Hopefully it’s starting to become apparent that there’s really no limit to the topic of these talks. Moving from game design to game theory to just talking about the game industry and the practical problems that arise, it’s hugely unlikely that there’ll be any one time when there’s absolutely nothing that specifically interests you. And, should that problem arise, there’s always the option for starting a discussion on something that does, so long as you’re not deathly terrified of public speaking.

So, to continue with the wide variety, the next talk I attended was directed by Tom Jubert, writer on the Penumbra games, as well as doing quite a bit of translation and writing work for various others, both big budget triple A games, as well as indie titles. ‘Designing a Dialogue Tree’ might not be the most exciting title, but the concept was to identify why dialogue in games currently isn’t any good, and what we can do to change it.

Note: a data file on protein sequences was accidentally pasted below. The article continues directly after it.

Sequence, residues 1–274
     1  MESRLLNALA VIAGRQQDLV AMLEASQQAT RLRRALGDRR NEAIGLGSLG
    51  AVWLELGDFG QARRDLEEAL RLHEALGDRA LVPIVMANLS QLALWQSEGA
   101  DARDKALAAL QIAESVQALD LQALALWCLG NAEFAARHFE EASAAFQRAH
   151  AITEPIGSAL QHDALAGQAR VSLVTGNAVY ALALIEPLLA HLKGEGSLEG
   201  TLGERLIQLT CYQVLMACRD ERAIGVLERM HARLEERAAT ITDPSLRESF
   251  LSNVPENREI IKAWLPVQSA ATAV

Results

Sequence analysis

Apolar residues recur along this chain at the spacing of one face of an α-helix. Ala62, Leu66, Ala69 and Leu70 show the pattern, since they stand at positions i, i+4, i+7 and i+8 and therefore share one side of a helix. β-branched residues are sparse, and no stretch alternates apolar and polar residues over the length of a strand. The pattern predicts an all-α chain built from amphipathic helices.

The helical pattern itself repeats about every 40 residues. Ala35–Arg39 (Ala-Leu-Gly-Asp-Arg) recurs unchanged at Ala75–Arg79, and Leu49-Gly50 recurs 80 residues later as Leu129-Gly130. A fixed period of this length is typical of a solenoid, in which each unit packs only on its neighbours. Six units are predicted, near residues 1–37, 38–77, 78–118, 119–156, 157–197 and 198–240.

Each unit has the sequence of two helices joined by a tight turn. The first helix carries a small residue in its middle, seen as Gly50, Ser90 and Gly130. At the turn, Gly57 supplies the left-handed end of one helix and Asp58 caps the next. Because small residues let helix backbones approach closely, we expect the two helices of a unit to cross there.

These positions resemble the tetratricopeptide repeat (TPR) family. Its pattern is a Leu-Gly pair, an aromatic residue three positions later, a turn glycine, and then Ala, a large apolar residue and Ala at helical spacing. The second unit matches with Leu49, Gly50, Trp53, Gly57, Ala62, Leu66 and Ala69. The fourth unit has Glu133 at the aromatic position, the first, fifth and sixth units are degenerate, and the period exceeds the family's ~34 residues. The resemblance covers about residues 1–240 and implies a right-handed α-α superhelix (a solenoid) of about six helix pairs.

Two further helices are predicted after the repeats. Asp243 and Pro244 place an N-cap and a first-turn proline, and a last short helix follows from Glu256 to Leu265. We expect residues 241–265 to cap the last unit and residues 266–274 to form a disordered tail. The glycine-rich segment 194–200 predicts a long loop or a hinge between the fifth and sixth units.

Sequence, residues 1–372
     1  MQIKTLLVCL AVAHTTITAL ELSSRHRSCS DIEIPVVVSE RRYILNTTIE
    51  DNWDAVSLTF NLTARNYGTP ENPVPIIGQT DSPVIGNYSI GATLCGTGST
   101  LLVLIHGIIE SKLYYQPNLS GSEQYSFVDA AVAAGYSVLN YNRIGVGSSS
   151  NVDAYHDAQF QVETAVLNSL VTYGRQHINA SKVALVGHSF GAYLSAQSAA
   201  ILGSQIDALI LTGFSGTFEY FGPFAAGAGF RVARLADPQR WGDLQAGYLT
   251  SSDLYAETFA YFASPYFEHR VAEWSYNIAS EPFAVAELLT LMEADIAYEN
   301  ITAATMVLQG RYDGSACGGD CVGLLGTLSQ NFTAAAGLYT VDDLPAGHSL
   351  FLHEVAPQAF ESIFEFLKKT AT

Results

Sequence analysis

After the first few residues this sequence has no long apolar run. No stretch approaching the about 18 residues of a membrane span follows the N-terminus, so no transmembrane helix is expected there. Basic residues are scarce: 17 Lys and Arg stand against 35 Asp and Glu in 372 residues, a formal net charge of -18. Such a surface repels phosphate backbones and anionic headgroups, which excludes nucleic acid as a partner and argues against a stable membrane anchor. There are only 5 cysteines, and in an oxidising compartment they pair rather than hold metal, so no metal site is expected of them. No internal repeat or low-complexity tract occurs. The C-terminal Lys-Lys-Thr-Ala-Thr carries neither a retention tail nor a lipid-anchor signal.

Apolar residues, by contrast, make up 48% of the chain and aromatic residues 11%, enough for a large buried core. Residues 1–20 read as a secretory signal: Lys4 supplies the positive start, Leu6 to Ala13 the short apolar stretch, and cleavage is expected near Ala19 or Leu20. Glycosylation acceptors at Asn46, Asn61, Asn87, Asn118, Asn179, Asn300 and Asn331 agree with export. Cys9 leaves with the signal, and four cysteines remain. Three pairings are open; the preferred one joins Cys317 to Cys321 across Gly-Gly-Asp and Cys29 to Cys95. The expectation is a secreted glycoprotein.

Tom Jubert and his Dialogue Artisans.

It didn’t take ten minutes before we ran into the technological wall, using ideas like body language, facial expression and the concept of lying and player intention all creating serious problems for any designer, but at the same time, it meant that suddenly, all those systems identified at the beginning of the session as sub-par became justified and less lazy, more just restricted. A sense of perspective had been given.

By this point in the day, it was a struggle not to want to voice my own opinion, give words to an idea that had been bubbling over most of the day, spurred by different snippets from different talks. And so, placed into the 2:30pm slot, I penned in ‘The Failure of the Failstate’, which turned out to be an issue that wasn’t nearly as clear cut as my mind had framed it.